Here’s a pretty easy, election-year prediction: The White House and Congress will find a way to keep interest rates from climbing on federally backed Stafford loans as they’re set to do this summer.
The idea of leaving a nation of recent grads strapped with beefier interest rates and the prospect of another $1,000, on average, over the life of their loans isn’t going to sit well in November. President Barack Obama seems to get that, as he heads out on a college road trip this week that will touch campuses in three key states in his re-election bid.
Convenient campaigning, sure. Necessary discussion, no matter what.
What’s not as easy is figuring out how to get college costs under control or how Congress can do much about it — at least in a way that will also make sense.
For the past decade or two, perhaps more than any time in U.S. history, young Americans have been schooled to believe that higher education is the only way to go. The days of factory floor jobs custom made for a fresh high school graduate are gone. The best of those jobs requires advanced training that comes with a tuition bill of some sort. Those are the hard facts.
That has put U.S. colleges and universities in an enviable position in the supply and demand equation. With applications up, so are the justifications for the clicking jack of tuition rates.
University presidents in Indiana are quick to note that state funding for their campuses has been flat in recent years. (See Jo Ann Gora’s plea for help last week after Ball State University came limping in near the back of the pack on faculty pay in a new national study.) Fair enough.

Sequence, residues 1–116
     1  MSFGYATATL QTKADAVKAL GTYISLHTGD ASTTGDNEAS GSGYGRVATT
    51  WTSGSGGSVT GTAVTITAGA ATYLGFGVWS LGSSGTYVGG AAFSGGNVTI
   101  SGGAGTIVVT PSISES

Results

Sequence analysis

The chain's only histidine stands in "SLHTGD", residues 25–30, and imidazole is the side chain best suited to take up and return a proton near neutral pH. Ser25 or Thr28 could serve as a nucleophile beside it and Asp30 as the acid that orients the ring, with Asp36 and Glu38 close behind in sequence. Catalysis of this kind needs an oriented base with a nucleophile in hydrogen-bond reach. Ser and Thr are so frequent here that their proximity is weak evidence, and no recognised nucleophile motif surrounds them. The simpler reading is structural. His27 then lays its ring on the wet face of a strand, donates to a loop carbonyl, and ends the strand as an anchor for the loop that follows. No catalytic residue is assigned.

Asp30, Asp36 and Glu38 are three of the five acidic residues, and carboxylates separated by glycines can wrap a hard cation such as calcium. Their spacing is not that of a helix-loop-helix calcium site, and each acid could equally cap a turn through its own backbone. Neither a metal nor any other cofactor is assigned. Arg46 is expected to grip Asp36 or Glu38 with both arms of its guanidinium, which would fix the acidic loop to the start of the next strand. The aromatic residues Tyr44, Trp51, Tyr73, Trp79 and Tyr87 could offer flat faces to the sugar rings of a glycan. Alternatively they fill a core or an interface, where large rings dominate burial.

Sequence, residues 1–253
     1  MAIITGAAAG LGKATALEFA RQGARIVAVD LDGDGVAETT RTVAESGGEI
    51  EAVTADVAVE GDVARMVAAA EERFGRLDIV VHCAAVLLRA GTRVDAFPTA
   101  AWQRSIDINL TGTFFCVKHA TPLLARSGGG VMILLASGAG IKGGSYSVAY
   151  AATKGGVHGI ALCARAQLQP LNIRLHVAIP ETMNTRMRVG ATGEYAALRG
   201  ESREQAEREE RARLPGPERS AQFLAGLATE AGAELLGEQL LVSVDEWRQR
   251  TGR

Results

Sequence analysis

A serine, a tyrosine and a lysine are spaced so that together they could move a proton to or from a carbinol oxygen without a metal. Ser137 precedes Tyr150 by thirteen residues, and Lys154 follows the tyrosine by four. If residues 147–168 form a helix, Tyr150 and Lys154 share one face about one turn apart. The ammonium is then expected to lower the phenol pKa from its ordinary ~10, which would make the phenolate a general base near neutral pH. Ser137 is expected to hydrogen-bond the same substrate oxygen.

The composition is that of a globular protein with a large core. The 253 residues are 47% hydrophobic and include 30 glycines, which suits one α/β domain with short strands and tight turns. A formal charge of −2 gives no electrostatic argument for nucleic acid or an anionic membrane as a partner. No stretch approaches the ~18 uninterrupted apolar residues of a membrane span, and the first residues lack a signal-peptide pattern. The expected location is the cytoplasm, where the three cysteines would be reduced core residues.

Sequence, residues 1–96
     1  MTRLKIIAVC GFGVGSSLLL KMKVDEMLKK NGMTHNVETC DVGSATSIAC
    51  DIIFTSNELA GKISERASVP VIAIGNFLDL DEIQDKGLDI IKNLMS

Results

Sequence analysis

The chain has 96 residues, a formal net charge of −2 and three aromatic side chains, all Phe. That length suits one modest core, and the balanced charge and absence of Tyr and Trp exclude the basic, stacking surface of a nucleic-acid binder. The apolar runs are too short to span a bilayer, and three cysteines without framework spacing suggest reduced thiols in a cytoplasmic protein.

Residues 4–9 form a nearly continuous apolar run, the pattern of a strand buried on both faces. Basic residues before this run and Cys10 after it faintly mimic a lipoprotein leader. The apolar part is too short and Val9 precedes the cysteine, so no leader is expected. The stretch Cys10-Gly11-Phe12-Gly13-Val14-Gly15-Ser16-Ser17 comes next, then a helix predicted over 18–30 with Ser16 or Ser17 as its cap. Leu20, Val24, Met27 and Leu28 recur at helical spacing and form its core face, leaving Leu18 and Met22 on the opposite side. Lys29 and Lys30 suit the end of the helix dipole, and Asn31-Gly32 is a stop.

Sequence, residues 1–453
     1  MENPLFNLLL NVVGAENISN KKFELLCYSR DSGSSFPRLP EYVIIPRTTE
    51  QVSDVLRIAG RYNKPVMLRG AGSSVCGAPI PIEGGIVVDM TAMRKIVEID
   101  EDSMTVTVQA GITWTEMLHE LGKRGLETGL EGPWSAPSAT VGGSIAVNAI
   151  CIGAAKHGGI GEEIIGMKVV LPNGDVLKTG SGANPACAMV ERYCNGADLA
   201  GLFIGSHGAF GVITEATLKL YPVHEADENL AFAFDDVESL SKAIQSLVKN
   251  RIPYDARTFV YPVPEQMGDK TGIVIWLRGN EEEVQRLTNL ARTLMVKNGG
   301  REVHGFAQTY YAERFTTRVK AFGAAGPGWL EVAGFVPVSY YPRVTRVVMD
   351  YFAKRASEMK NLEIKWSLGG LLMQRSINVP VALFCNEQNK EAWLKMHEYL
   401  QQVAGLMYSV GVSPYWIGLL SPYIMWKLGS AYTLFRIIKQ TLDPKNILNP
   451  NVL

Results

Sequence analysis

What they aren’t so quick to note is that the student fees for in-state students on their campuses have nearly doubled in each of the past two decades.
The blowback against campuses is spotty, though. Other than the occasional Occupy-style protest — such as the one that attempted to take over an Indiana University trustees meeting earlier this month — there is a passive acceptance of higher education fates. What are you going to do, not go to school? That’s often followed by a bit of rationalizing about the worth of a particular university’s brand on a diploma.
That sort of honey, sold in great quantities by universities trying to justify another student fee bump, might make the tuition bill go down a bit easier now. But ask any young graduate about their priorities in a fledgling life after college and it’s more likely to include frets about the student debt long haul above any sort of home-buying or any other such expected luxury from generations past. That brand on the diploma starts looking a bit dimmer.
The reality of interest payments settles in quickly once Grand Prix memories fade and student debt goes from bad to worse. But until universities can keep tuition in check — here’s an idea: try just one year without a tuition increase — America’s college-educated won’t have the foothold they thought they were paying to get.